# Invariant vs. Induction

In the following, we consider a problem involving binary search trees. We attempt to solve the problem two ways, first iteratively, then recursively, and prove correctness for each.

Whereas proving correctness for loops, or iteration, is done using a loop invariant, for recursion, we prove correctness using induction, or in our case of structural recursion, structural induction.

# Problem:

For a value `num`

, and a binary search tree, find the largest number smaller than `num`

, if such exists, otherwise return `-1`

.

For the sake of brevity, we will refer to this value as the predecessor, or simply, `pred`

.

# Iterative solution and proof:

A solution using loops might look like this:

```
result = -1
while curr:
if curr.val < num:
result = max(result, curr.val)
curr = curr.right
else:
curr = curr.left
return result
```

**Invariant property:**

We have either `result = pred`

, or the value `pred`

exists somewhere in the tree rooted at `curr`

.

**Initialization:**

If the original tree has any values less than `num`

, then the value `pred`

exists in this tree, otherwise, `pred = -1`

, the initial value of `result`

.

**Maintenance:**

**Case 1:** `curr.val < num`

Then for any `node`

in the subtree at `curr.left`

, we have ```
node.val ≤
curr.val
```

.

Then our desired value is either in `result`

, `curr.val`

, or the subtree at `curr.right`

, and property still holds after setting ```
result =
max(result, curr.val)
```

, and `curr = curr.right`

.

**Case 2:** `curr.val ≥ num`

Then for any `node`

in the subtree at `curr.right`

, we have ```
node.val
≥ num
```

.

Then our desired value is either in `result`

or the subtree at `curr.left`

, and property still holds after setting ```
curr =
curr.left
```

.

**Termination:**

When the loop terminates, there are no values in the subtree at `curr`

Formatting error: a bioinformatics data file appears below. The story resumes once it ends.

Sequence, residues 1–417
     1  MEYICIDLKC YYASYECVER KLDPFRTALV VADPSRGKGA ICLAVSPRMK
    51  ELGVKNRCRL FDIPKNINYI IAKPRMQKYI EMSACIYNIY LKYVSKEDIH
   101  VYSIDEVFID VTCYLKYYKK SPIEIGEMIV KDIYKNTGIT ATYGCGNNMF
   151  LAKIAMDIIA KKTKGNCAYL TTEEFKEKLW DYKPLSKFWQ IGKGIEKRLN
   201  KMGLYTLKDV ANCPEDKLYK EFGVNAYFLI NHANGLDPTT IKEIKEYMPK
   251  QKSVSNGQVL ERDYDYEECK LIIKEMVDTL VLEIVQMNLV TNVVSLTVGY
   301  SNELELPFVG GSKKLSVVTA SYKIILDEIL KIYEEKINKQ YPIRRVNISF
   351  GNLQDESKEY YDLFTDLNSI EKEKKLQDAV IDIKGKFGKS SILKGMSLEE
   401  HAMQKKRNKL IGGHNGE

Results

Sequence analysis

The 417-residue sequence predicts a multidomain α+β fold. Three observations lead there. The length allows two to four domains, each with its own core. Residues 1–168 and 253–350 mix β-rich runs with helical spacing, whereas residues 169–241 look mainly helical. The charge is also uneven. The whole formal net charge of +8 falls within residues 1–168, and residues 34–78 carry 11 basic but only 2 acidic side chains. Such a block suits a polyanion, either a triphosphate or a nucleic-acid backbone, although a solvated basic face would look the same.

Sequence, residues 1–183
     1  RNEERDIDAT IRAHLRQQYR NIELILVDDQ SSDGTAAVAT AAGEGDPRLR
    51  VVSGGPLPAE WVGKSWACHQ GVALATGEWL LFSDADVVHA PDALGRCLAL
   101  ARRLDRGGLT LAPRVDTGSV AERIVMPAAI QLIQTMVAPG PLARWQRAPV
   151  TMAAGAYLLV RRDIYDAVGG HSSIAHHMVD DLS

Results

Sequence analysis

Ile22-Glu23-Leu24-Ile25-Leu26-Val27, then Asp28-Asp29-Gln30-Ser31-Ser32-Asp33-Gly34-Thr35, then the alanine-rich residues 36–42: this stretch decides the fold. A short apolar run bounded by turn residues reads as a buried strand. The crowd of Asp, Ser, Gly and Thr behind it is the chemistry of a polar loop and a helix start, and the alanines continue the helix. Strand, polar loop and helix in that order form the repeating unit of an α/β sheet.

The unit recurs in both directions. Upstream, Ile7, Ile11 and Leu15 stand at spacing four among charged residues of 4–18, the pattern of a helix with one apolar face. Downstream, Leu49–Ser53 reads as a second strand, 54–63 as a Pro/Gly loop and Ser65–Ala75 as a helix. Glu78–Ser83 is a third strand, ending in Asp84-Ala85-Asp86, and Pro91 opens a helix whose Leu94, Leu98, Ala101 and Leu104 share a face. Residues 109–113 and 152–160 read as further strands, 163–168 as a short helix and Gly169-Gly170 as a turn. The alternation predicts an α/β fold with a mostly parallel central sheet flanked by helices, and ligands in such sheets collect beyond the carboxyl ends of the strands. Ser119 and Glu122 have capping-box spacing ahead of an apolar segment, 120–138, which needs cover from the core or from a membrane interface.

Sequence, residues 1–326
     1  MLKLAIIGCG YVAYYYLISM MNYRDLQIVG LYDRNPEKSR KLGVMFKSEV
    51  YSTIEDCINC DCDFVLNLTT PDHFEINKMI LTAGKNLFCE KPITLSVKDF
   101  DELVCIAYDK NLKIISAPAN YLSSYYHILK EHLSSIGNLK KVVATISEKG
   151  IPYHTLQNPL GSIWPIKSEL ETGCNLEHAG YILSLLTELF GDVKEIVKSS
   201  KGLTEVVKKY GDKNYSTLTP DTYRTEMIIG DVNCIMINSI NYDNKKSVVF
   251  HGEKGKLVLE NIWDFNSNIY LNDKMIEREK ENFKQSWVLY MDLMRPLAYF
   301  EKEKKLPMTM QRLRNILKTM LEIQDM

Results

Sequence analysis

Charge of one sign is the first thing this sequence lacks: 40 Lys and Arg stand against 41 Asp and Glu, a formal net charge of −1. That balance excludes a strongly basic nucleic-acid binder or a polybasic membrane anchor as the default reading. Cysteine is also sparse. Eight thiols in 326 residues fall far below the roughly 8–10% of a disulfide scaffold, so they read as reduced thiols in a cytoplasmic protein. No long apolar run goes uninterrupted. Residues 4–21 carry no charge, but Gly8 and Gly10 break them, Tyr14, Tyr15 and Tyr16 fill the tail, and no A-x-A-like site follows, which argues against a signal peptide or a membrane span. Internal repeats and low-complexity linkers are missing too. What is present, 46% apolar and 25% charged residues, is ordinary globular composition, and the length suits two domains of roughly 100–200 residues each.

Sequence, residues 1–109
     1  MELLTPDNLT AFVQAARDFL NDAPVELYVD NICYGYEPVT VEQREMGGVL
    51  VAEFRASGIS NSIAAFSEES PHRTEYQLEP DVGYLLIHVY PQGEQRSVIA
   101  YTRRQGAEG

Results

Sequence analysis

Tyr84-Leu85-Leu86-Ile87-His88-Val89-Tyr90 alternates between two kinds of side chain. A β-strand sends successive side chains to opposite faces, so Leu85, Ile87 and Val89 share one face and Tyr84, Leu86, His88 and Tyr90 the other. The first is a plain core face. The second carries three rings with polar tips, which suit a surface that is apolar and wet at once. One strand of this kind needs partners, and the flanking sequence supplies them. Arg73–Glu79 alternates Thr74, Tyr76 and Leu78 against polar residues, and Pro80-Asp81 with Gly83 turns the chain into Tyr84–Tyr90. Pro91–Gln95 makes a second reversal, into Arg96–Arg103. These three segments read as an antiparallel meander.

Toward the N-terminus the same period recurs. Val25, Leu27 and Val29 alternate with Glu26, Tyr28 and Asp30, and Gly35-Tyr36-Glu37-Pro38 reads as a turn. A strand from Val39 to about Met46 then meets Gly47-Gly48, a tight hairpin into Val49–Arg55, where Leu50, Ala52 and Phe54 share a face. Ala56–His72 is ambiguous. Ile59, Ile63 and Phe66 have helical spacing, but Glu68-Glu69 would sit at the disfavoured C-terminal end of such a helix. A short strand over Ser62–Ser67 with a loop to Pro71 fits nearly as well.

, thus `result = pred`

.

# Recursive solution and proof

A recursive solution might look like this.

```
findValue :: Node -> Int
findValue node
| null node = -1
| value node < num = max (value node) (findValue (right node))
| value node >= num = findValue (left node)
```

**Claim:**

For any `node`

, if the subtree at `node`

contains any value less than `num`

, `findValue`

will return the largest such, otherwise it returns `-1`

.

**Base Case:**

If `node`

is null, then there are *no* values in the subtree at `node`

, and `findValue`

correctly returns `-1`

.

**Inductive step:**

We consider for a non-null `node`

, with value `v = value node`

.

**Case 1:** `v < num`

For any value `u`

in subtree at `left node`

we have `u ≤ v`

.

Then, if there were any values `w`

in the subtree at `node`

such that `v < w < num`

, they will be in the subtree at `right node`

.

By inductive hypothesis, `findValue`

will return the appropriate value when applied to `right node`

. Taking the `max`

as defined above, completes the inductive step for the first case.

**Case 2:** `v ≥ num`

Then for any value `w`

in the subtree at `right node`

we have `w ≥ num`

.

If there are any values `u`

in the subtree at `node`

such that ```
u <
num
```

, they will be in the subtree at `left node`

.

Inductive hypothesis ensures `findValue`

returns correct value for `left node`

.